The Leadership Insider network is an online community where the most thoughtful and influential people in business contribute answers to timely questions about careers and leadership. Today’s answer to the question “What’s the best mistake you ever made?” is written by Will Dean, CEO of Tough Mudder.
I’ve failed many times before and I will do it again – so will you. It’s unavoidable. However, what separates the strong from the weak is what you do after you make a mistake. For instance, our first Tough Mudder event was filled with mistakes. When I was planning for the event, I was confident in my idea and the customer demand reinforced its promise – we expected only 500 registrations, but we got nearly 4,500. I was thrilled, but I had underestimated the complexity of putting on an event of that scale.
Obstacles were not built large enough to handle the volume of participants, long lines formed, we ran out of water, and parking was a nightmare. It was obvious to anyone at the event that some mistakes had been made. What was less clear – and what would ultimately decide the future of Tough Mudder – was how we would respond to them. The lessons I learned from this critical experience have been essential to the growth of Tough Mudder. Here are few tips to help you make the most of the challenges you face:
Mistakes are the best learning opportunities we get – there’s no better chance to improve yourself and your company. I’m a firm believer in asking “why” over and over until you get to the bottom of a problem. Don’t just identify the problem on the surface — dig deeper. Keep asking “why” until you find the root cause.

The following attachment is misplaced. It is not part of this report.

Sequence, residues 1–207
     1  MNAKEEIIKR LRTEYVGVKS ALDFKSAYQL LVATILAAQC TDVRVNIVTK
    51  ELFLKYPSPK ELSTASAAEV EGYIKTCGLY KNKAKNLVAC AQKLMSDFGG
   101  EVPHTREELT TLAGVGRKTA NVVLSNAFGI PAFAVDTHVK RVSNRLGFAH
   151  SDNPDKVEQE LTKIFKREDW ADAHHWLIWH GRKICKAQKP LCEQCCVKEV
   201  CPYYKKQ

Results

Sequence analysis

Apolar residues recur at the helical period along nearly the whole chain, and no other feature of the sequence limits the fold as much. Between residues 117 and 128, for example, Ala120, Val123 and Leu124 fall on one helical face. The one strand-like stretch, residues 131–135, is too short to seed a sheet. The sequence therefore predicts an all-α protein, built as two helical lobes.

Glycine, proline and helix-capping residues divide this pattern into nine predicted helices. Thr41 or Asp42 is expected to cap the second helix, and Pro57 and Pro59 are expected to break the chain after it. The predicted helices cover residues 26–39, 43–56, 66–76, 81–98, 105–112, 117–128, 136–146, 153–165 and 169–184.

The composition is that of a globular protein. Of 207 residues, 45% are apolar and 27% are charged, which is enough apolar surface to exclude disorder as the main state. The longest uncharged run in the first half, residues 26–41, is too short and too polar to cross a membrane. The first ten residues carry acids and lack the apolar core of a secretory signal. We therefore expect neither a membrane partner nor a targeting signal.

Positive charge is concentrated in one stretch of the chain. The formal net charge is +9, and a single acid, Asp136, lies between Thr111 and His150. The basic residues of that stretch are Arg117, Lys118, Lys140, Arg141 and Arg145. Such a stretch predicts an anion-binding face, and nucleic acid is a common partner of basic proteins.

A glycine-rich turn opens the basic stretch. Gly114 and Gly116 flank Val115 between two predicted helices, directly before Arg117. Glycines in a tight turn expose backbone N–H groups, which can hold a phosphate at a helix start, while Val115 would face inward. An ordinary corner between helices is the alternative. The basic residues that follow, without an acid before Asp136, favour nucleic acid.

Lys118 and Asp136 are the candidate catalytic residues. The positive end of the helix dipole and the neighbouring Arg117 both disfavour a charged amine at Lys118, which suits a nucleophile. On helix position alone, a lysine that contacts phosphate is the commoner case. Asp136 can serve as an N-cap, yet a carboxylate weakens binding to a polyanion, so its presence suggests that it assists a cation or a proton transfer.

Seek help when needed
As an entrepreneur, it can be tempting to try to learn and control everything about your company. I realized pretty quickly that while I’d like to know everything that’s going on, I don’t need to. In fact, it’s better that I don’t. After the first event, I knew that our team was lacking in engineering knowledge and event logistics and delivery. This led us to make a few key hires – experts in engineering and event management, who introduced new processes and improved our systems until we were delivering best-in-class experiences. Knowing when to ask for help or when to hire is important. It doesn’t mean you are weak; rather, it means you are smart enough to realize someone else can help you do it better.
Don’t hold back
After you make a mistake, it’s natural to approach the next situation with an abundance of caution. Fight that urge – if you stop taking risks, you’re guaranteed to fail. A few months after our debut event, we held our second in northern California. The jitters were still there from the first event, but the hard work paid off. The event delivery wasn’t flawless – it took us a long time to perfect our logistics – but it was vastly improved. We haven’t stopped making mistakes at Tough Mudder, but each lesson learned has helped moved our company forward.